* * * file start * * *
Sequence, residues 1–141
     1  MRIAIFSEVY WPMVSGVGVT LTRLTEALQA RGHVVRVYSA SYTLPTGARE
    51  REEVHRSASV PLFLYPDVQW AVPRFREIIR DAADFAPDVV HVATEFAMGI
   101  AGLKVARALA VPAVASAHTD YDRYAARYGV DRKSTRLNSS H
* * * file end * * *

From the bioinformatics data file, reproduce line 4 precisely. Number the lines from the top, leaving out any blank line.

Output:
   101  AGLKVARALA VPAVASAHTD YDRYAARYGV DRKSTRLNSS H